You own 16.17 million acres of land you cannot access. Throughout 15 states, most of them out west, parcels of public land surrounded by private property are landlocked from public access. Leaving neighboring landowners to solely benefit from a public resource. Obviously, this is a problem.
The Theodore Roosevelt Conservation Partnership (TRCP) is a nonprofit conservation organization working hard on this issue. They have formed a partnership with onX, a digital mapping company that is popular with outdoor enthusiasts, to first identify such locations and to work for solutions leading to access.
“Through our ongoing collaboration with onX, we have been able to identify parcels of land that belong to taxpayers, yet they are unable to take advantage of the vast outdoor opportunities on these lands,” said Joel Webster, Senior Director of Western Programs at the Theodore Roosevelt Conservation Partnership. “It is our hope that with this information, policymakers can see the problem, identify solutions, and work to ensure that sportsmen and sportswomen can access the lands that belong to them.”
Corporate activism is on the rise. Historically, corporations tried to stay out of fights that could leave any of their customers feeling alienated. That’s no longer the case. Today, we see companies putting resources into campaigns and initiatives that further the greater good for the greatest amount of their customer base. In the case of onX, that means supporting public lands and our opportunities to access and use those lands for outdoor recreation.
In order to help identify and open landlocked public lands, onX created a place on their website for anyone to report public lands and waters that are facing barriers to entry. According to the website, Report a Land Access Opportunity offers users the opportunity to provide information on:
- Properties currently for sale that could secure a new public access route to public lands
- Public land parcels that have no legal access routes
- Gates or roadblocks restricting travel to public lands
- Public waters that are difficult or impossible to reach
- Places where the public is trespassing when trying to reach public land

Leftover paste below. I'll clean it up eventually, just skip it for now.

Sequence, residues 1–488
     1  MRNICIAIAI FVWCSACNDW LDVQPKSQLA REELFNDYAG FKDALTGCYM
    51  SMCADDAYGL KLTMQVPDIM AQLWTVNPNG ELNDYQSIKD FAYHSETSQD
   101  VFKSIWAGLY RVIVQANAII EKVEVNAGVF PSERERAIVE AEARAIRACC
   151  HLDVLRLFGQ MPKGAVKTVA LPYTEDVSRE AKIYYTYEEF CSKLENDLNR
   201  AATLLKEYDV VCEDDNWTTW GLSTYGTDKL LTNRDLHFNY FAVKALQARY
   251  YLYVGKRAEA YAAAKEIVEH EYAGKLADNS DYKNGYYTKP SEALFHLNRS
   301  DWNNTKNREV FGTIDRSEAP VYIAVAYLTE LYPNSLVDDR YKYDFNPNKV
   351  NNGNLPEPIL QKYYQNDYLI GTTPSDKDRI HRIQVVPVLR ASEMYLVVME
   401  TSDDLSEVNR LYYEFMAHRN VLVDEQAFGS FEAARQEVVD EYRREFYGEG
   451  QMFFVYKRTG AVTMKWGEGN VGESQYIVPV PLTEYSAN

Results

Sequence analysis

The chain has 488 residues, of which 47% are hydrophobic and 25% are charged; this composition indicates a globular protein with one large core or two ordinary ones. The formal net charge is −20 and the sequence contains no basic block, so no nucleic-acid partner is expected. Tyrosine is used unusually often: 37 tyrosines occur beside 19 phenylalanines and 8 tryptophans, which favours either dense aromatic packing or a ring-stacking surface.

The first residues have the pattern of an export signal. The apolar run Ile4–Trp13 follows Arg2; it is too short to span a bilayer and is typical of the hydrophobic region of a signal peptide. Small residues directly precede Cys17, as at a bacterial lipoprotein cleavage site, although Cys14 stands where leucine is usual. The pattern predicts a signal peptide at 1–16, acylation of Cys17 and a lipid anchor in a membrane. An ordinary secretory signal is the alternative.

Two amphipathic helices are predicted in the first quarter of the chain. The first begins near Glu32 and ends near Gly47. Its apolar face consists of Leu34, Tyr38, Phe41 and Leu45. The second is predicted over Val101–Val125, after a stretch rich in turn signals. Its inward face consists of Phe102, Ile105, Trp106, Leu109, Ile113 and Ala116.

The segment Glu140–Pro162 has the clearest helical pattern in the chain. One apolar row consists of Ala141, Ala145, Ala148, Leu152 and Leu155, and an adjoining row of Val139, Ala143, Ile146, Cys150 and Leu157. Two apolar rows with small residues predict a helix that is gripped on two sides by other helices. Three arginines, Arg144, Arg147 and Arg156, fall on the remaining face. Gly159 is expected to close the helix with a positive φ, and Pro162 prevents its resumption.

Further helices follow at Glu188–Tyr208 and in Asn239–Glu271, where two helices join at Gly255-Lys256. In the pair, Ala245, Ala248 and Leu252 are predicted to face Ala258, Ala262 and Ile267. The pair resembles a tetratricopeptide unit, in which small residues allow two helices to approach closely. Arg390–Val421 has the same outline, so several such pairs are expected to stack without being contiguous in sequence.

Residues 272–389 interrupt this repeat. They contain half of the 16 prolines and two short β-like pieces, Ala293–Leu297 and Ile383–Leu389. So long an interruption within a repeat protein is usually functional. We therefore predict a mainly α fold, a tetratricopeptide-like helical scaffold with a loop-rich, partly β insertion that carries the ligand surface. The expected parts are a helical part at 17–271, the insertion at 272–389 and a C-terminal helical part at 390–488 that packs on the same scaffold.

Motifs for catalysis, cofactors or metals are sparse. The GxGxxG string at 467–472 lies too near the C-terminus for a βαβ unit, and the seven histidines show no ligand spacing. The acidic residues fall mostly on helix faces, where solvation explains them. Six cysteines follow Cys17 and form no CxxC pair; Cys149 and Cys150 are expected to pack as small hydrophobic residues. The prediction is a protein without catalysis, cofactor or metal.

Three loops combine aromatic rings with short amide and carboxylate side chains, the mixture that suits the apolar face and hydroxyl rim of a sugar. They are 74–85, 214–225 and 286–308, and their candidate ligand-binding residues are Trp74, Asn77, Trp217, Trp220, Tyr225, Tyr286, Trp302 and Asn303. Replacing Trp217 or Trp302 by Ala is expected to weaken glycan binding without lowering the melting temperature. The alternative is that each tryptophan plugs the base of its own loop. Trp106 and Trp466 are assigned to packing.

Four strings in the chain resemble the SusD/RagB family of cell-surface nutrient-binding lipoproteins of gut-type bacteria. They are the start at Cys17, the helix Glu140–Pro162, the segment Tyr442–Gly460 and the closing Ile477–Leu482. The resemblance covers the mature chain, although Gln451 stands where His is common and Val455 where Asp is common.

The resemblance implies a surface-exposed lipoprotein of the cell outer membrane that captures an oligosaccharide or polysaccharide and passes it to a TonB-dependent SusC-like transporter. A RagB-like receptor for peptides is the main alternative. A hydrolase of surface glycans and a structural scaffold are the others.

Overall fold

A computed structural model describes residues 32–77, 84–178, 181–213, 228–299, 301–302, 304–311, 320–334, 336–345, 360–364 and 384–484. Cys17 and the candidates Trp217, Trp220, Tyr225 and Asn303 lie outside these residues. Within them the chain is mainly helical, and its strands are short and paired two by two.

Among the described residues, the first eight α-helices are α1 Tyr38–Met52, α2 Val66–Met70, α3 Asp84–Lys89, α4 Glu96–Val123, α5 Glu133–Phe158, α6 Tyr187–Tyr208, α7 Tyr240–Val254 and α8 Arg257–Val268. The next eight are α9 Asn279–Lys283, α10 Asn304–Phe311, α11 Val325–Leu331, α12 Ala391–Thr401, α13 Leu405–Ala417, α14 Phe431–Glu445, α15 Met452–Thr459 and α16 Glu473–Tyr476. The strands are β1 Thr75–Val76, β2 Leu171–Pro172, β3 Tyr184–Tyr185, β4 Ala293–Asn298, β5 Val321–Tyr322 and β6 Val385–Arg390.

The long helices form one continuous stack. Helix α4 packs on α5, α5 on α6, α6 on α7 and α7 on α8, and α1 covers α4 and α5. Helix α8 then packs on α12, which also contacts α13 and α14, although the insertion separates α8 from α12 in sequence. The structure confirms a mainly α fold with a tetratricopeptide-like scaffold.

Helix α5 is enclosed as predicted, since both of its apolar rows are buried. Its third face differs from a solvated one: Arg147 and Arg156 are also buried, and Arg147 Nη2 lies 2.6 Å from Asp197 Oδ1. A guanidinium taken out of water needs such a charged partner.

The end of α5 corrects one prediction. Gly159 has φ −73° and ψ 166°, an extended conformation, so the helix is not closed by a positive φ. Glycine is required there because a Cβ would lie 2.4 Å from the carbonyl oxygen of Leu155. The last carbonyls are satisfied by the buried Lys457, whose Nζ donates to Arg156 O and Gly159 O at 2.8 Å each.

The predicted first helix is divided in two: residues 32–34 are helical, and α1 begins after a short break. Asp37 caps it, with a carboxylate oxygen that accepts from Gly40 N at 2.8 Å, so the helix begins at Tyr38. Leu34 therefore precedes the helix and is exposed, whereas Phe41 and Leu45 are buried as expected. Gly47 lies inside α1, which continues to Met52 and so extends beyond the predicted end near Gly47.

- Private landowners can tell us about places that are open to allow the public to cross their land to responsibly reach public land
“We know how important public land access opportunities are to hunters and anglers all across the country,” said onX access advocacy manager Lisa Nichols. “Especially in places where the majority of the landscape is privately owned, GPS technologies have enabled outdoor recreationists not only to find new opportunities on public lands, but also to notice landlocked parcels that could offer more of these opportunities if there was a legal way to access them.”
TRCP runs the website www.unlockingpubliclands.org. This is where you can find much more in-depth information about landlocked public lands across the country. It explains how we ended up with so many landlocked public acres, a state by state breakdowns of where those acres are and plans for how we can return public access to these public lands.
“When it comes to landlocked public lands, even small access projects can make a big difference,” adds Nichols. “Finding collaborative solutions to open some of these lands could offer new opportunities to residents of nearby communities where access to public lands and waters might currently be limited.”
The outdoor recreation economy represents $778 billion dollars. Without public access to public lands, that number would drop drastically. It’s great to see companies joining the fight to ensure as many of our public acres are open to public access as possible.
See you down the trail…
Pic: Over 16 million acres of public lands are cut off from public access, thus essentially privatizing a public resource.
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